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Financial Planning

Achieving life goals: Don't hope for it. Plan on it.

Our Two Cents

Financial success rarely just happens. Achieving goals often starts with planning regardless of how much money you have and no matter where you are in life.

Achieving life goals without a plan is like finding a remote destination without a map. Wanting to get there isn't enough. You also want a clearly defined route, checkpoints—and a few solid financial survival skills—to help to turn goals into reality.

No matter what you want in life, planning can typically help you get there faster and with less uncertainty. In fact, according to the 2019 Schwab Modern Wealth Survey, people who make and stick to a financial plan feel more confident about reaching their goals. Other research has shown that those who have a plan and stick with it achieve three times more wealth than those without a plan.1

What is a financial plan?

A financial plan is an actionable report that captures your current financial situation and life goals along with an analysis, projections, and steps to keep you moving in the right direction. A good plan can help you:

  • Get a clear picture of your financial life.
  • Set and prioritize short- and long-term goals.
  • Estimate the costs of and timing to reach your goals.
  • Create an action plan to help you stay on track.
What goes into it What you get out of it
Your financial details—A breakdown and analysis of your current financial situation including your income and expenses, account balances and statements, investments, assets and debts in relation to your goals. Shows you where you are today—See where you stand now financially including identifying any gaps and opportunities.
Your goals and time horizon—Saving for milestones like buying a home, college and retirement? Whatever your future holds, consider how soon you want to achieve it. Establishes where you want to go—A list of goals prioritized by the level of importance and when you want to reach them.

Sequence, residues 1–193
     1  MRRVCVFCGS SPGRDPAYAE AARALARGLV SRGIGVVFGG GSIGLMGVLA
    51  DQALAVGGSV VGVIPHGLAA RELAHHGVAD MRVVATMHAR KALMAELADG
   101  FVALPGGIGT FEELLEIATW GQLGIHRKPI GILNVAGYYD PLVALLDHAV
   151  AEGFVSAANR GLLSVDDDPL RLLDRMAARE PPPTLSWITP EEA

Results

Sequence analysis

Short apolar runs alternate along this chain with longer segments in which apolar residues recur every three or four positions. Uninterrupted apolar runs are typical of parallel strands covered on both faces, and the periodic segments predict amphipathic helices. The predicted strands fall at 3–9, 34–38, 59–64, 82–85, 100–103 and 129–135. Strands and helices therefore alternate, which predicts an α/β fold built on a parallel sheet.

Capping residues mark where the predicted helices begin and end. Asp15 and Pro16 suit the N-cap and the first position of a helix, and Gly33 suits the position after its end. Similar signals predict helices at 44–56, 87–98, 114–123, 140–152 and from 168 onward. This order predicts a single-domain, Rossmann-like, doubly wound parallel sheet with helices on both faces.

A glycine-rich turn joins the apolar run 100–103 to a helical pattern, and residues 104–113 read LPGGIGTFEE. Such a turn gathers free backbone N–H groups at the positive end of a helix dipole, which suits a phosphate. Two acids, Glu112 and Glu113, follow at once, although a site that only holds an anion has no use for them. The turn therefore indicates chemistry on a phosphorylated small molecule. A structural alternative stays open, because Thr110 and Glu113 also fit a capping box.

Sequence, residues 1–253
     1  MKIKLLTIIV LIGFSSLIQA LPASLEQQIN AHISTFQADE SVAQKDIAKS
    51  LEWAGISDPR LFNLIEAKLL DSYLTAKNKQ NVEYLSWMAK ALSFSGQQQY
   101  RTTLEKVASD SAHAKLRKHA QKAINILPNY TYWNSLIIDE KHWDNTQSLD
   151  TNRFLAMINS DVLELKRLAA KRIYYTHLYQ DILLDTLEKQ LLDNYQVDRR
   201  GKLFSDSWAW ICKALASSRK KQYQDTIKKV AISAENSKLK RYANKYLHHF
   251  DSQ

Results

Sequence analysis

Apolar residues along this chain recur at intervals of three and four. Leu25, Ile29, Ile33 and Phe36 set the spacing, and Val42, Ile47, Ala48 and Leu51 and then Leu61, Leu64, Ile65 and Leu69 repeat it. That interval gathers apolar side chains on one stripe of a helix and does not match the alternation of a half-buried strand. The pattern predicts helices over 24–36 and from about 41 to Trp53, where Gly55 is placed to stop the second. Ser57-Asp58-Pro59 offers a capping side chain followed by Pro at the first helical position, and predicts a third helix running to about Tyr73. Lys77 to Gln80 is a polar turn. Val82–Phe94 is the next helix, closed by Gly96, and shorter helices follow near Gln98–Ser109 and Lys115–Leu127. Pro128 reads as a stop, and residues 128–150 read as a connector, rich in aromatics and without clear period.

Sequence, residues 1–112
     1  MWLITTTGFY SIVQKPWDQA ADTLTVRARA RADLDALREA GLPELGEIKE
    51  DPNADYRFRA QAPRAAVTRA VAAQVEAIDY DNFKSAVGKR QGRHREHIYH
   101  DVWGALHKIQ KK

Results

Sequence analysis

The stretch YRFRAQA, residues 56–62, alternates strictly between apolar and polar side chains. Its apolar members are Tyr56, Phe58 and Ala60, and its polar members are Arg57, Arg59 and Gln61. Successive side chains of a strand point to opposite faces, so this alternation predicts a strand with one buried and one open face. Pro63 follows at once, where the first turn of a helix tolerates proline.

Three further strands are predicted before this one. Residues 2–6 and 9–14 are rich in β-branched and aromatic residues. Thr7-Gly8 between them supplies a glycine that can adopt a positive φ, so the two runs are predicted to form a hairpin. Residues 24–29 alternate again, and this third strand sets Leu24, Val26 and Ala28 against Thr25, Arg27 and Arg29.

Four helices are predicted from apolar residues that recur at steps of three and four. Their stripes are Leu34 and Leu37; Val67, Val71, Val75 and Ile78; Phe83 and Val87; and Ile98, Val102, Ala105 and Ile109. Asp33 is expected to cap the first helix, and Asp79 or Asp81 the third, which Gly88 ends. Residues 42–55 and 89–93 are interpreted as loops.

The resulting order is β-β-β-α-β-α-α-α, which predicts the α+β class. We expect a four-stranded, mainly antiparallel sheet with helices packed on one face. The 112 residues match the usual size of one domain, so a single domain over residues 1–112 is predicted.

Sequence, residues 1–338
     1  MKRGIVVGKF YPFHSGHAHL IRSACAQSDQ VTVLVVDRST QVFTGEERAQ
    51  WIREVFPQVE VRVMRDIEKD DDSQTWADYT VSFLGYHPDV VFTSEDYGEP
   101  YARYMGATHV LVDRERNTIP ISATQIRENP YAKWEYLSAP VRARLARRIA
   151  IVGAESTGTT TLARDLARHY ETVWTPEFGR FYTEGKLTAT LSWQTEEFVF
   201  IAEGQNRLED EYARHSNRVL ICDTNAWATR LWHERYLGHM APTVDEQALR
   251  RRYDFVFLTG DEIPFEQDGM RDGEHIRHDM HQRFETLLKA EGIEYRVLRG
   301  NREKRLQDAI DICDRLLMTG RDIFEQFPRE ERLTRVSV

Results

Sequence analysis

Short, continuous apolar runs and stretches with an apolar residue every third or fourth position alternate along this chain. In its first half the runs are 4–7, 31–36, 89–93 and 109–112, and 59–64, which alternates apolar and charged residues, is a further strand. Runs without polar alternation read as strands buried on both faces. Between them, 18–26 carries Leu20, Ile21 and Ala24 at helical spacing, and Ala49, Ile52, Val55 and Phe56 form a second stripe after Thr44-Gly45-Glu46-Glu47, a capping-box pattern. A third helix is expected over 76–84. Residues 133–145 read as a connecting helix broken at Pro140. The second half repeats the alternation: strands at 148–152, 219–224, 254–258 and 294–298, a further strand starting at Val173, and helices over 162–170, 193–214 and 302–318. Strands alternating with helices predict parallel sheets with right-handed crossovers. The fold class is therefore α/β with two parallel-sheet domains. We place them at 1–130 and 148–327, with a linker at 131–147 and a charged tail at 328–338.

Your next steps—Take action based on plan recommendations, and monitor and update your plan annually, and any time your goals or life circumstances change. Shows you how to get there—A personalized set of actions to help you reach your goals, by showing you what to do next to and how to take advantage of opportunities.

Who needs a financial plan and when?

Anyone with goals will benefit from having a specific plan to achieve them. And the sooner you get your goals on track, the better. Your plan can help you make smart financial moves based on your situation and goals, like how much to save for retirement, when to retire, and how to invest and borrow wisely.

Many financial planning tools are online and interactive, so you can explore various scenarios and get a feel for what might be possible, such as:

  • What if I want to retire at 55?
  • What if my child wants to go to graduate school?
  • What if we buy a second home?
  • What if I quit my job and start my own business? Stay home with the kids?
  • What if the stock market goes down/inflation goes up?

Make your own plan or hire an advisor?

There are several great options to consider. Depending on your needs, you can:

  • Ask a financial professional for advice and basic planning.
  • Work with a Certified Financial Planner (CFP®) professional for comprehensive financial planning and specialized support.

Who needs comprehensive professional planning?

If your financial situation is complex or you're going through a major life change, you may want a complete financial plan that covers:

  • Investment and retirement planning
  • Banking and credit management
  • Education and family support
  • Risk management and insurance planning
  • Tax and estate planning

How much does a financial plan cost?

Financial plan costs vary, as some may charge a one-time or hourly fee while others may be free. Additionally, financial planning is often included in investment management services, and in some cases even comes with subscription-based pricing.

Keep in mind that a financial plan doesn't have to be expensive to be good. But paid professional planning advice can be worth it, depending on the level of complexity and advice needed.

Get on track to meet your financial goals today.

No matter what kind of planning you choose, the most important thing is to take action. Check in with your bank or brokerage to see what they offer. You can also learn more and get started here.

1. Annamaria Lusardi and Olivia S. Mitchell, Financial Literacy and Planning: Implications for Retirement Wellbeing, National Bureau of Economic Research, 05/2011.


The information on this website is for educational purposes only. It is not intended to be a substitute for specific individualized tax, legal, or investment planning advice. Where specific advice is necessary or appropriate, consult with a qualified tax advisor, CPA, financial planner, or investment manager.

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